Monday, June 8, 2015

How to Improvise on a Violin

Improvising on the violin is easier than most instruments because you can use the various string positions as a guide to playing in a key. This makes it easy to embellish an already established melody by using appoggiaturas, passing tones and neighbor tones. Appoggiaturas play the note just above the melody, passing notes occur between notes of the melody and neighbor tones play the pitch directly above the melody and then return to the original melody note.

Step 1

Analyze the melody and take note of any places where there are skips in the melody. If the skip is only a third, use a passing note to move between the notes. For instance, if two consecutive melody notes consist of an A and C, then the passing tone would be B-flat or B between the two pitches.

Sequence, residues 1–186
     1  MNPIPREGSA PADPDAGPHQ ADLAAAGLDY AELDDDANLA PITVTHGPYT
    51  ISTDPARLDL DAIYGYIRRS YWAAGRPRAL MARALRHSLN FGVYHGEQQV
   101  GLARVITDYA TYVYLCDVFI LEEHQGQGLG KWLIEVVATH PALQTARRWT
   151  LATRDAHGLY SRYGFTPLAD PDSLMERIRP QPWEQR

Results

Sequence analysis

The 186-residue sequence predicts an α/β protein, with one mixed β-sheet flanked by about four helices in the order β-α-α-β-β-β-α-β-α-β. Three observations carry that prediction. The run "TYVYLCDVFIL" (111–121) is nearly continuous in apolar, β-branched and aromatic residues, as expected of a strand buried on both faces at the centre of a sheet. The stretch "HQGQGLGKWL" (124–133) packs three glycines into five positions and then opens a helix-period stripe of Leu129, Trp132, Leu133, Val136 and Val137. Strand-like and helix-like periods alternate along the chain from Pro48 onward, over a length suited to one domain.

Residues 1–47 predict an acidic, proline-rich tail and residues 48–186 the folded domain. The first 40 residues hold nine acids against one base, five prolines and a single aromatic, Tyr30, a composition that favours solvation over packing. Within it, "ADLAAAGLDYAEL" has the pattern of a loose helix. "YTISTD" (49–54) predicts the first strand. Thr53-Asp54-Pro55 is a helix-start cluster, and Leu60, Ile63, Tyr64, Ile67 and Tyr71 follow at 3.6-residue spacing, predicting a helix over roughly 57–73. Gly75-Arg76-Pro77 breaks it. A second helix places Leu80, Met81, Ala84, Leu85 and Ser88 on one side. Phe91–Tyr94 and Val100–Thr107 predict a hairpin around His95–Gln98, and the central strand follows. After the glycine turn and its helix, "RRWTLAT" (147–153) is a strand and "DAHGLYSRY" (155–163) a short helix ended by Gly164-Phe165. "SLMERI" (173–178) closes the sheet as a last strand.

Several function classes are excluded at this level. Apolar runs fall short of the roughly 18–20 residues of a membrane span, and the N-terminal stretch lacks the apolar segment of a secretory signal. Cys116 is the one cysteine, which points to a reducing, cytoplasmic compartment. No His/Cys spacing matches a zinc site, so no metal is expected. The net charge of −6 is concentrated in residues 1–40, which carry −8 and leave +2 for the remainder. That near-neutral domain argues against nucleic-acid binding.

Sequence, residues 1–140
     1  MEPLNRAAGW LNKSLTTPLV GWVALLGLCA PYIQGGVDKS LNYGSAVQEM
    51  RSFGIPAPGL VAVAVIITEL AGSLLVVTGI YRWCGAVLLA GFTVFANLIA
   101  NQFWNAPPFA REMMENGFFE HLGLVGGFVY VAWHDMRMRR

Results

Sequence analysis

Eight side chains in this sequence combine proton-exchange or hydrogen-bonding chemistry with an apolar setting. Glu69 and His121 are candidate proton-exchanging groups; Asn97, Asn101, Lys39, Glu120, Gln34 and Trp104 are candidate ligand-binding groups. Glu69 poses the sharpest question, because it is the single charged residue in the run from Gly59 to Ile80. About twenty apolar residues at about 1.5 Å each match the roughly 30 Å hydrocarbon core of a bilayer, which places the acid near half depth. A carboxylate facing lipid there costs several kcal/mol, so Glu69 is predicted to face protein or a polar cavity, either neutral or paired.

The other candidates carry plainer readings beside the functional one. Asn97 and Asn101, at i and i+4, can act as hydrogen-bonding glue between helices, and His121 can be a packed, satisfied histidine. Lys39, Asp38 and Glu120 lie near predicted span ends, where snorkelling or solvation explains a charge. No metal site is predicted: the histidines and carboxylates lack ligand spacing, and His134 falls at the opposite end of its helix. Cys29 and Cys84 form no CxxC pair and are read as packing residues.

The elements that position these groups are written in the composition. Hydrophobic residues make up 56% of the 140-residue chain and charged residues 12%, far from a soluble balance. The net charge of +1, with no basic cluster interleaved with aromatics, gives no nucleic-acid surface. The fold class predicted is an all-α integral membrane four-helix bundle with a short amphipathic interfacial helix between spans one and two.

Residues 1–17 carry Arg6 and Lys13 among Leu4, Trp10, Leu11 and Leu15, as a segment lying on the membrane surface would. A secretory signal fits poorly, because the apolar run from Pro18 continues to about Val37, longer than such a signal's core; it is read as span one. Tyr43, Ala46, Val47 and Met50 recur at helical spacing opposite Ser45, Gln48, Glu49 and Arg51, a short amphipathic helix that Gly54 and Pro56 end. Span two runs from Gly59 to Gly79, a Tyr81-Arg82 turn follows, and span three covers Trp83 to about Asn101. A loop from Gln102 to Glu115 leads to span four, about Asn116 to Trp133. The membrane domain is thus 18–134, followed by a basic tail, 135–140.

Step 2

Play appoggiaturas when the melody jumps. To do this, simply choose a note above the original melody and add it to the already notated rhythm. If there is an eighth note, then you will turn the written note into a 16th note and place the appoggiatura right before the written melody note.

Step 3

Perform a neighbor tone when the melody holds a particular pitch for one beat or more. To play a neighbor tone, simply move up to the note above the original pitch.

Step 4

Execute a trill when you have a note longer than a half note in duration. Play a trill by rocking back and forth between two fingers while pulling the bow across the string.


A non-chord tone is any note that doesn't fit into a major or minor chord.